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147, Lichfield Road

A Grade II Listed Building in Sutton Coldfield, Birmingham

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Coordinates

Latitude: 52.5776 / 52°34'39"N

Longitude: -1.8298 / 1°49'47"W

OS Eastings: 411628

OS Northings: 297764

OS Grid: SP116977

Mapcode National: GBR 3H4.JW

Mapcode Global: WHCH7.VGTT

Entry Name: 147, Lichfield Road

Listing Date: 4 March 1999

Grade: II

Source: Historic England

Source ID: 1067117

English Heritage Legacy ID: 473082

Location: Birmingham, B74

County: Birmingham

Civil Parish: Sutton Coldfield

Built-Up Area: Sutton Coldfield

Traditional County: Warwickshire

Lieutenancy Area (Ceremonial County): West Midlands

Church of England Parish: Sutton Coldfield Holy Trinity

Church of England Diocese: Birmingham

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Listing Text

SP 19 NW SUTTON COLDFIELD LICHFIELD ROAD
Four Oaks

2/10011 Number 147

II

House. C16 or C17, altered and added to in the mid C19, to form the South Lodge of Four Oaks Hall, and in the C20. Brick, now painted, stone, timber-framing, roof of tiles. Two storeys, scattered fenestration. Gabled porch to flat-arched entrance on cast front; single-storey hipped and canted bay windows to either side, two flat-arched windows to first floor with a square heraldic panel between, under a sequence of three gables with decorative barge--boards and finials, the central gable larger than its neighbours; one flat-arched, two-light window, possibly of stone, to the left of the first floor, now blocked up- massive external stack to left-hand return; the west front has two gabled cross-wings, the northernmost and the cross-wing running of it to the north faced with weather-boarding on the upper storey; patterns of fish-scale tiles to the roof; decorative ridge tiles; end stacks with pairs of polygonal chimneys. The early history of the house is reflected in the timber-framing in the south wall of the present staircase hall, visible on the ground and first floors from the staircase hall, and on the fast floor from the south-cast bedroom; some framing is also visible on the south gable end, at the south end of the house there is an inglenook, which was uncovered and reconstructed c.1926, and a massive external stack with several offsets. The house seems to have been extended northwards in the mid C19 to form the lodge; the hipped addition which fills the re-entrant angle between the main building and the south-east face of the stack may be of this date, there are two cross-wings on the west side, the southernmost possible of late C19 or early C20 date, the other may be of later date, and a cross-wing which runs northwards off It is certainly later. INTERIOR: The principal features of interest in the interior are the timber-framing (see above) and the inglenook reconstructed by the architect WJ Davis c. 1926; a number of rooms have fireplaces of early C20 date.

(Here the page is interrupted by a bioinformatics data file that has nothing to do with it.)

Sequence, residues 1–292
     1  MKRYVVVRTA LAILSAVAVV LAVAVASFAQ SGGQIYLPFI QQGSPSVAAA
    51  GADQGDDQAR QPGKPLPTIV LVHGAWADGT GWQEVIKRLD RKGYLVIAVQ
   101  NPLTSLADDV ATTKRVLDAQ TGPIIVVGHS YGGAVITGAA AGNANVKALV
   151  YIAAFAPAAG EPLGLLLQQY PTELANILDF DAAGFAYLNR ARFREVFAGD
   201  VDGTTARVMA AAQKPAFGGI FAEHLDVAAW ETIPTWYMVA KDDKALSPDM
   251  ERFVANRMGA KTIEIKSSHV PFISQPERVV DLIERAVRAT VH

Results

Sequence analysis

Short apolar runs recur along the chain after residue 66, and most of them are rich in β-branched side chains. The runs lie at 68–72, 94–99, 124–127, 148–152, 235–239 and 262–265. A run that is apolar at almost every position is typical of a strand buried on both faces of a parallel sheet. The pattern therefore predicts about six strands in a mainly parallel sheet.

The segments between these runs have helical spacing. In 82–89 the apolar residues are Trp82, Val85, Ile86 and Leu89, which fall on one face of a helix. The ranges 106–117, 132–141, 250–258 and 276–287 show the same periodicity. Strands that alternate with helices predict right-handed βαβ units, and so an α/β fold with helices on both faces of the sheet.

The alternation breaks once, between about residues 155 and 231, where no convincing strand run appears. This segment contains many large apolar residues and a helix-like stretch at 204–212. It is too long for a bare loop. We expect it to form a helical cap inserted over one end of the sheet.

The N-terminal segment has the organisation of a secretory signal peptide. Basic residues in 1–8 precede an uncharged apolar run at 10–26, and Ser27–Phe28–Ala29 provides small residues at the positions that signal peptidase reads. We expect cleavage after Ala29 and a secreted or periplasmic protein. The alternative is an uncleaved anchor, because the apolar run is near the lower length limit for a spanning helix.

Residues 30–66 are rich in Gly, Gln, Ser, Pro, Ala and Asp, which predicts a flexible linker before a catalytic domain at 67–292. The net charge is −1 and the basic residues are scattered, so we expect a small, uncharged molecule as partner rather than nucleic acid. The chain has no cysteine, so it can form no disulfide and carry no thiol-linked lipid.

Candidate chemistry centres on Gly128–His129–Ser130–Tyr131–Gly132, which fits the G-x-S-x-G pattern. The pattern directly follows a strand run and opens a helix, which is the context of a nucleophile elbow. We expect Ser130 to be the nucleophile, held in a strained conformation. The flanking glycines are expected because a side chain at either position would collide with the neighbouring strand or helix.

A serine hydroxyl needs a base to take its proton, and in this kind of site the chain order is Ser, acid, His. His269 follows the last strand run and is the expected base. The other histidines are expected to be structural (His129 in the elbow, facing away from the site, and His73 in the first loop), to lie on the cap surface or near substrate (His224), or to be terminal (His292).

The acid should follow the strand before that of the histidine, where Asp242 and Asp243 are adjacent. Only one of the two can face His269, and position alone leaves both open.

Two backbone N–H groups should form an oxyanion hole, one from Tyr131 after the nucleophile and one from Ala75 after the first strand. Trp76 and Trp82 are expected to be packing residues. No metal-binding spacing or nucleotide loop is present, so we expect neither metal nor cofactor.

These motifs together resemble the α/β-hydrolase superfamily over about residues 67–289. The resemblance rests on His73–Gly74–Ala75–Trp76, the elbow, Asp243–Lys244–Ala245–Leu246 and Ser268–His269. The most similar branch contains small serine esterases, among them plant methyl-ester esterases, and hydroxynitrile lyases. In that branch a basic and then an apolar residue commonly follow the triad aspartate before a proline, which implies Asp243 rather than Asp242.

Listing NGR: SP1162897764

This text is from the original listing, and may not necessarily reflect the current setting of the building.

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